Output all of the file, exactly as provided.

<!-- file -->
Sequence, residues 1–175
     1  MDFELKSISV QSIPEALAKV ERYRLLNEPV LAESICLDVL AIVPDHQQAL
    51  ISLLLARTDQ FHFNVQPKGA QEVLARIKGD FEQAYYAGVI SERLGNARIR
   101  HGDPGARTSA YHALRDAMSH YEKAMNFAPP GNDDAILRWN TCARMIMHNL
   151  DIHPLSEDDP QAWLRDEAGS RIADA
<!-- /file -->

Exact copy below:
Sequence, residues 1–175
     1  MDFELKSISV QSIPEALAKV ERYRLLNEPV LAESICLDVL AIVPDHQQAL
    51  ISLLLARTDQ FHFNVQPKGA QEVLARIKGD FEQAYYAGVI SERLGNARIR
   101  HGDPGARTSA YHALRDAMSH YEKAMNFAPP GNDDAILRWN TCARMIMHNL
   151  DIHPLSEDDP QAWLRDEAGS RIADA